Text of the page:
Talking about money is hard. It might be the only remaining taboo. Couples who discuss almost all aspects of their personal lives often clam up when it comes to discussing their finances. According to this 2018 survey, more than one-third of married couples say money is the biggest stressor in their marriage.
Why does this happen? Lack of education plays a role. Most schools do not offer courses on personal finance. Many families don’t talk about money with their kids. That leaves us with little experience to draw on. As a result, we may not know what to say or talk about. We may not even know how to start the conversation.
We know we should save money for our future. Those who have kids may want to help pay their college costs. Most of us will stop working someday. We should save for retirement. These long-term goals should be balanced against our desire to experience life today. We work hard and deserve some time off. That means the occasional vacation or night on the town. Maybe not this year because of the pandemic, but we expect to enjoy those experiences again at some point.
Oftentimes couples don’t feel the need to talk much about finances when they get married or decide to live together. Household responsibilities get divided. One spouse often has the primary responsibility for taking care of family finances. The other one knows that the bills are paid. They may some savings accumulate as well. But little consideration is given to setting goals or the future. We don’t feel much urgency to worry about a future that seems a long way away.
Time passes faster than you can imagine. I find it hard to believe that my wife and I celebrated our 25th anniversary earlier this year. Our oldest of four children graduated from college in May 2019. Number two is a sophomore. I remind our kids that parents say lots of things to their kids. Most go in one ear and out the other. I tell them that if they only listen to one thing, it should be my reminders about how fast time goes.
So much happens in our lives. Time passes quickly. We worry about the future but do little to prepare for it. One day it dawns on us that we will become empty nesters before we know it. One spouse starts to worry about retirement and what it will look like. But the other spouse has always taken care of everything. Life seems comfortable. Nobody wants to stir the pot. A conversation that needs to happen is avoided.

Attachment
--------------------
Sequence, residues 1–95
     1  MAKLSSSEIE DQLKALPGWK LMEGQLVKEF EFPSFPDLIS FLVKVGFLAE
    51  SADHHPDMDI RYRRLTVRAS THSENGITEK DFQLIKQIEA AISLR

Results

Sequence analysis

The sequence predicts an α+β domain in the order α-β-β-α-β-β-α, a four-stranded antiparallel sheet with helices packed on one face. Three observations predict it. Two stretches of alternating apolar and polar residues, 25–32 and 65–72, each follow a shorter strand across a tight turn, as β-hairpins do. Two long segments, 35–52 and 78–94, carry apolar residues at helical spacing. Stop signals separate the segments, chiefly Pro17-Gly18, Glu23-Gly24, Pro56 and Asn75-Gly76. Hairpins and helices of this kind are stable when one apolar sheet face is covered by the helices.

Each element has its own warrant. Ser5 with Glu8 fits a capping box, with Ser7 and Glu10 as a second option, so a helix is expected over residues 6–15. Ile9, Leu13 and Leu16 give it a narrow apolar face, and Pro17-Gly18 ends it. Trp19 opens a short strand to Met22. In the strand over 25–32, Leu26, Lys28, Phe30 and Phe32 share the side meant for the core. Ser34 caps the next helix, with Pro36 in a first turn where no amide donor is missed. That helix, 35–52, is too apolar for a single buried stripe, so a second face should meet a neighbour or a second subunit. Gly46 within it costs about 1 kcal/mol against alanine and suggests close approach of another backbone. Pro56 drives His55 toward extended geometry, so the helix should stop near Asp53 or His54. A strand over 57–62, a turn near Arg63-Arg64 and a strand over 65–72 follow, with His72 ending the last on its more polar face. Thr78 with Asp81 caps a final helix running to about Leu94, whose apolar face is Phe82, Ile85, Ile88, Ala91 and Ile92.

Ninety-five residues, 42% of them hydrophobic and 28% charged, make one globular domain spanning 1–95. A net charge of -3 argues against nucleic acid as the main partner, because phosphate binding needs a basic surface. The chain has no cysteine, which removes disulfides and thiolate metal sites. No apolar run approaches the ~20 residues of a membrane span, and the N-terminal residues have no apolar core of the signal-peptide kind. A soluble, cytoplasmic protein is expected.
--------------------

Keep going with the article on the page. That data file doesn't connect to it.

When we are working, we accumulate assets. We generate regular income. We save for the future. Oftentimes, we save in a company retirement plan like a 401(k). We have a limited number of investment options. We might settle for a target-date retirement fund that approximates our expected retirement date.
When we retire, we shift to the decumulation phase. We start spending down the assets that we accumulated. For most of us, the regular paycheck disappears. We count on Social Security income at some level. For most, that isn’t enough. How do we generate a retirement paycheck? If we have saved in tax-deferred retirement accounts such as IRAs or 401(k)’s, we have to pay taxes when we withdraw the funds. Believe it or not, our tax bill in retirement can be higher than our tax bill was when we were working.
In other words, the approach changes in retirement. Our focus moves from tax-efficient saving to tax-efficient withdrawals. This change requires a different thought process and knowledge base. How can we withdraw money from our retirement accounts in a tax-efficient way?
Of course, our questions should go beyond the financial issues. We also must address questions such as the following:
· Where will we live in retirement?
· What will we do when we retire?
· What kind of lifestyle do we anticipate?
· How do we prioritize among numerous options?
· What happens if one of us becomes sick and needs more care?
· Should we seek some professional help navigating through these questions?
How do you start the conversation? What questions do you ask? As an advisor, I regularly have conversations with clients about these issues. I also help them understand why money is important to them. It can make it easier to prioritize their options.
If you’d like to start the conversation on your own, please click this link. When you do, you will be asked to provide your name and email address so you can download a questionnaire. It includes 11 questions you can discuss with your spouse and get the conversation started. You can print a copy if that’s easier. I recommend you and your spouse have this discussion when you’re free of distractions. Perhaps as part of the conversation during a quiet dinner. Maybe after the kids have gone to sleep.
Planning involves thinking ahead. This applies to our finances, too. When should you start working on your financial plan? The sooner the better. The file you can download can help you get started.
After you discuss the questionnaire with your partner, I invite you to take the next step. I am giving away free, 30-minute Strategy Sessions to the first 5 people who sign up. All you have to do is click this link to schedule some time on my calendar.
If you would like to discuss your financial plan or any other issue related to your personal finances with us, please complete our contact form, and we will be in touch. You can also use this link to schedule a phone call or a virtual meeting.
Please note. We post information about articles we think can help you make better money-related decisions on LinkedIn, Facebook, and Twitter.